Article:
American astronaut Nick Hague and Russian cosmonaut Alexey Ovchinin survived a harrowing emergency landing, following the failure of the Soyuz rocket booster carrying them to space, but what does this mean for the International Space Station?
Russian Deputy Prime Minister Yuri Borisov told reporters that the Soyuz capsule automatically jettisoned from the booster when it failed 123 seconds after the launch from the Russia-leased Baikonur cosmodrome in Kazakhstan.
A source in the Russian space agency said that rescue workers had reached the crew.
There are now three crew members aboard the ISS: NASA astronaut Serena M. Auñón-Chancellor, the European Space Agency's Alexander Gerst, and cosmonaut Sergey Prokopyev. Roscosmos, the Russian firm that operates the nation's space agency and is responsible for Soyuz launches, will not hold any news conferences today.
A US astronaut and a Russian cosmonaut on Friday arrived in the Moscow region following a failed launch to the International Space Station that forced an emergency landing.
It's the first space mission for Hague, who joined NASA's astronaut corps in 2013. Ovchinin and Hague were both traveling to the ISS to join the three astronauts now aboard - Gerst, NASA's Serena Auñón-Chancellor, and Roscosmos' Sergey Prokopyev.
"Teams have been in contact with the crew".
This was the 139th launch of the Soyuz program and the first abort during ascent since 1975 when a failure in second-stage separation triggered emergency reentry 21 minutes after launch. If they wait too long after that, they will be stranded with no way to get back to Earth.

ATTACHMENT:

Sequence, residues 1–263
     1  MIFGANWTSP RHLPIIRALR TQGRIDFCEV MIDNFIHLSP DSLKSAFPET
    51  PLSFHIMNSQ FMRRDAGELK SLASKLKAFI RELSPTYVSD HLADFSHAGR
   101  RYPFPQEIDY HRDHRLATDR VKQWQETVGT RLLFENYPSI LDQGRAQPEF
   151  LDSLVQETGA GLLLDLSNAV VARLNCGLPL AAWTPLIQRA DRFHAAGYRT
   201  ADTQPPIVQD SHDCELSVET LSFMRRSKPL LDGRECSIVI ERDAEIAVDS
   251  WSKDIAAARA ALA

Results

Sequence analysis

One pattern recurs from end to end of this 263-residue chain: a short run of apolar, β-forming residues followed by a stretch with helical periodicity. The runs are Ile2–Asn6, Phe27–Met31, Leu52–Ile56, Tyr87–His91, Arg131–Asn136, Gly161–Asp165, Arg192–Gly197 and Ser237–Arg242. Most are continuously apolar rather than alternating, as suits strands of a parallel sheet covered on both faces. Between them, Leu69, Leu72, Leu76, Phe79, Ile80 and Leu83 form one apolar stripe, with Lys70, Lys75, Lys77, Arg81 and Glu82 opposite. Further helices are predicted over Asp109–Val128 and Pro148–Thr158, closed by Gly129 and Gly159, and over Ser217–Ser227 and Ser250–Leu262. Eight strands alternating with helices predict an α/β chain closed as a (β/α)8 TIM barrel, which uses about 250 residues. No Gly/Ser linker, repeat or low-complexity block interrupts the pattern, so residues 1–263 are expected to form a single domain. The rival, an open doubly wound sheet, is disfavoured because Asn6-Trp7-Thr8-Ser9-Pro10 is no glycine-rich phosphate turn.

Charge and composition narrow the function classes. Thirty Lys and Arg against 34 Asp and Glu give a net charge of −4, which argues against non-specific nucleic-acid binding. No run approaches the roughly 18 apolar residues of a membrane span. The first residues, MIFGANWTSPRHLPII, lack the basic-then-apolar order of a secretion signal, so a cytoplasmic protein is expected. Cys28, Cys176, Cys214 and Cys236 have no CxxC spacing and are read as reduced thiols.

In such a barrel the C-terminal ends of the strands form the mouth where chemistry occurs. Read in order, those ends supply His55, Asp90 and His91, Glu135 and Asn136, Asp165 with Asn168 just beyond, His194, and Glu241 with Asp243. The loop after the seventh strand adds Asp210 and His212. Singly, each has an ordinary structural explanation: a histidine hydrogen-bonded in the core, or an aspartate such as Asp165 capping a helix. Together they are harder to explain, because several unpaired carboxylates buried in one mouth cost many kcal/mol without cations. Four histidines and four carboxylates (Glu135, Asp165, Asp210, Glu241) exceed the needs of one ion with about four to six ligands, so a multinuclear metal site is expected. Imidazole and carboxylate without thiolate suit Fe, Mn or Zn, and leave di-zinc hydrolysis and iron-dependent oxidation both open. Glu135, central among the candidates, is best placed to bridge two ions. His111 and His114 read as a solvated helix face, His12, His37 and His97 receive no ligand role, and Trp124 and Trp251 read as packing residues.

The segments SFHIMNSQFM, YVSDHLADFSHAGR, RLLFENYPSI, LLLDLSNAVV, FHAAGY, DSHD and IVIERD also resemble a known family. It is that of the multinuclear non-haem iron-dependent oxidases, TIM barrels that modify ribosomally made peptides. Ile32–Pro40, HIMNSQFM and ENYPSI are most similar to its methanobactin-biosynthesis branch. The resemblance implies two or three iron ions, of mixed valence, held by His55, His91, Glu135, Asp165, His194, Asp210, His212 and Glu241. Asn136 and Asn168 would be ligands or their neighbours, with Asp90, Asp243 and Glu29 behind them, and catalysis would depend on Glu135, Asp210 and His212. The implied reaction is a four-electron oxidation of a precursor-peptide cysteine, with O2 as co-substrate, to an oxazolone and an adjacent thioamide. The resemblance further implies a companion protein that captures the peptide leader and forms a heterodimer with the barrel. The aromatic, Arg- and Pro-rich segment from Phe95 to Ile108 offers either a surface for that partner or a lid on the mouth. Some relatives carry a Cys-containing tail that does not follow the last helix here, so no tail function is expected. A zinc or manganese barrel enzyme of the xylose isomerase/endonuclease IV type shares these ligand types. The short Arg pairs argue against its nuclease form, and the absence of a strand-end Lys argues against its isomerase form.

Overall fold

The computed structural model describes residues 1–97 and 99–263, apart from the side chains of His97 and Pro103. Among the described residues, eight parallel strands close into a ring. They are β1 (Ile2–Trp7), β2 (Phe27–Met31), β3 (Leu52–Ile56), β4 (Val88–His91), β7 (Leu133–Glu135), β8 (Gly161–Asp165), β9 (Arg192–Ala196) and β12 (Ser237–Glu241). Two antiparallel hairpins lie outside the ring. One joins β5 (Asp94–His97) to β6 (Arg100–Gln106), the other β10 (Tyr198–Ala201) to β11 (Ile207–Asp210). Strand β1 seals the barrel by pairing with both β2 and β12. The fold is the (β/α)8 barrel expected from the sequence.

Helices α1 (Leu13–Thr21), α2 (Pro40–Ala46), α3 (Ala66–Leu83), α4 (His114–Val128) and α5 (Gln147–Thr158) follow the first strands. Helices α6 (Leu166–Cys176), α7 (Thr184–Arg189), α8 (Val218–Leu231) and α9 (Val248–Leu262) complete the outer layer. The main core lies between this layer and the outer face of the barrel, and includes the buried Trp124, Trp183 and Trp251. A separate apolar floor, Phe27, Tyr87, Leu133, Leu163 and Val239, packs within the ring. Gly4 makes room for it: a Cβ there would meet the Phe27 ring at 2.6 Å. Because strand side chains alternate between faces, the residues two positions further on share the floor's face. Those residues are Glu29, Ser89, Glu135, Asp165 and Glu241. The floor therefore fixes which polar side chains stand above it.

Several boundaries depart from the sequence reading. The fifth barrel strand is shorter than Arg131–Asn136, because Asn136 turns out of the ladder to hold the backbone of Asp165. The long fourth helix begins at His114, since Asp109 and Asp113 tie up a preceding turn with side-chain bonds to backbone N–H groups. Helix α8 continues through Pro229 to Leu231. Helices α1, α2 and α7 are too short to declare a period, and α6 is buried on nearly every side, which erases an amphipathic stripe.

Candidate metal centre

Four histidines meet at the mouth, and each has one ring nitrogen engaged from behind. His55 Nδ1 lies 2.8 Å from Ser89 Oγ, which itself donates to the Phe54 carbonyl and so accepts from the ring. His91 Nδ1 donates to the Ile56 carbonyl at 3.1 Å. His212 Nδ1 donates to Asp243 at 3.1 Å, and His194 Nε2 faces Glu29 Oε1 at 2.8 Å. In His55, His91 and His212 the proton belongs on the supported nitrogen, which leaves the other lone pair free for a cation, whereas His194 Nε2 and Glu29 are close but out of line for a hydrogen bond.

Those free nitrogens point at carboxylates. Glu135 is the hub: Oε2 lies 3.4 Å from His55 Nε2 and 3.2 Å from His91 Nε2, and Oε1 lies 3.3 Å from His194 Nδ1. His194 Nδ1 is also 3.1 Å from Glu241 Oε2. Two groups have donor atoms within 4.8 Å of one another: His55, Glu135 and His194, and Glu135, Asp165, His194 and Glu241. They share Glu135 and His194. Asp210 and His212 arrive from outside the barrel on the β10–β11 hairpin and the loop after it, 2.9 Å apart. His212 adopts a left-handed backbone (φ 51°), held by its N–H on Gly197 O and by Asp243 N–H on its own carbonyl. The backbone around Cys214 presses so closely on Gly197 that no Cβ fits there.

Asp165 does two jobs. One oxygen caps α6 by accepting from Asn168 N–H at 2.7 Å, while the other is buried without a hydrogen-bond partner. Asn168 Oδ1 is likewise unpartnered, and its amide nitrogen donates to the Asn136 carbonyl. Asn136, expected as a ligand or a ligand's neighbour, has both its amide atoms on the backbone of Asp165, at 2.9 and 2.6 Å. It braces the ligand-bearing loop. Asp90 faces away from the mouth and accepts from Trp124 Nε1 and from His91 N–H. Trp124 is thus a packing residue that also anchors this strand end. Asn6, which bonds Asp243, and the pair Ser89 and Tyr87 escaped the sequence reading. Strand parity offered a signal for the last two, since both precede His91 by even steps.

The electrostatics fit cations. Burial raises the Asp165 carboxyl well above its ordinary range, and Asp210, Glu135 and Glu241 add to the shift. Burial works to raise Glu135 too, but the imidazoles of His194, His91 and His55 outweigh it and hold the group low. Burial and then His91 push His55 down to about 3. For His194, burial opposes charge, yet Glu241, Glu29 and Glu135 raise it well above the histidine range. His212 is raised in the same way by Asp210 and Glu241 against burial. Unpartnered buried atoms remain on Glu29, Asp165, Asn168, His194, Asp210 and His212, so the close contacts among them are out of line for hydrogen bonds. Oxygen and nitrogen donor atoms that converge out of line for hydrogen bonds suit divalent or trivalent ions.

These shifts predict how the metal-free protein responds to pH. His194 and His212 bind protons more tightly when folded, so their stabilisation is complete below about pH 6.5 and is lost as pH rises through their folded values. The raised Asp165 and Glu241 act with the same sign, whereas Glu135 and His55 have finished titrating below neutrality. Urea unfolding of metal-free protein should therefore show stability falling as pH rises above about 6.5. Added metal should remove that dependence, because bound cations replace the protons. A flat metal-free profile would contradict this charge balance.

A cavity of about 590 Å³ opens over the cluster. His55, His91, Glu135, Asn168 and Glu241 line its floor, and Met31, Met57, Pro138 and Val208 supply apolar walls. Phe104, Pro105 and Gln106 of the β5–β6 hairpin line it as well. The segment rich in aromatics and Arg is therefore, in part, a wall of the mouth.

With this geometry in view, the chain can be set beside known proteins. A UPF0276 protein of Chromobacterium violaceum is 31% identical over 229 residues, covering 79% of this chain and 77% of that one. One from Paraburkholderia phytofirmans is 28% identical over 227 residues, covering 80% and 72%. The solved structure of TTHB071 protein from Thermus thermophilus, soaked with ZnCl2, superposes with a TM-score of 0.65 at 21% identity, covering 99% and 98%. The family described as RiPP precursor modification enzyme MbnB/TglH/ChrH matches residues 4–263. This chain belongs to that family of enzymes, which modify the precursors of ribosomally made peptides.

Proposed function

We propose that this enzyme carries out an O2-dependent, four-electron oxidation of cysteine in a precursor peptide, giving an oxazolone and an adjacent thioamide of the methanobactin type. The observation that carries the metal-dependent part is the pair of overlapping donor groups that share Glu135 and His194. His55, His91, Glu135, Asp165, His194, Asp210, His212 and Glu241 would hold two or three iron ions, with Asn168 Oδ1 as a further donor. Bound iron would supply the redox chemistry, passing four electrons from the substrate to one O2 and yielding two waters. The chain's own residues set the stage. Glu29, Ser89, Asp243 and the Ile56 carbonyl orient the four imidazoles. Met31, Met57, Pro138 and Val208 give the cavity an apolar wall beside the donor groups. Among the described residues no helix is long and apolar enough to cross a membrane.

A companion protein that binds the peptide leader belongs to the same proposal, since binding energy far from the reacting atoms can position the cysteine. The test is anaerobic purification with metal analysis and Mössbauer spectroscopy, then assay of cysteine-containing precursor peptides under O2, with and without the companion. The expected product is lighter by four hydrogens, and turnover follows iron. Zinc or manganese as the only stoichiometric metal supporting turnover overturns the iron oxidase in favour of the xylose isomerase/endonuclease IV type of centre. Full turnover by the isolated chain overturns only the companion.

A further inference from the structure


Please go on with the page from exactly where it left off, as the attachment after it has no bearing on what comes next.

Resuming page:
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In August, the crew found a hole in a Russian Soyuz capsule docked to the orbiting space station.
The failure is a setback for the Russian space programme.
In public comments about the launch and rescue operations, he said he saw NASA staff come together to support Hague's family after the launch failure.
All manned launches have been suspended and a criminal probe has been launched.
It was the first such accident for Russia's manned program in over three decades, although there also have been launch failures in recent years involving unmanned vehicles.
"To keep space separate from the political environment has been our tradition and we want to keep that", said Bridenstine. Unmanned cargo launches carry food and other supplies to the ISS and use the same rocket system as the Soyuz.
"Even when a failure occurs, because of the engineering and the design and the great work done by folks in Russian Federation, the crew can be safe", he said. A thorough investigation into the cause of the incident will be conducted. Amid the still unresolved controversy over the mysterious hole in the space station, Roskosmos chief Rogozin has suggested that Moscow may not renew it. "We are planning their flight for the spring of next year".
Doomed: The rocket booster with space ship blasts offabout. -Russian cooperation continuing despite geopolitical tensions.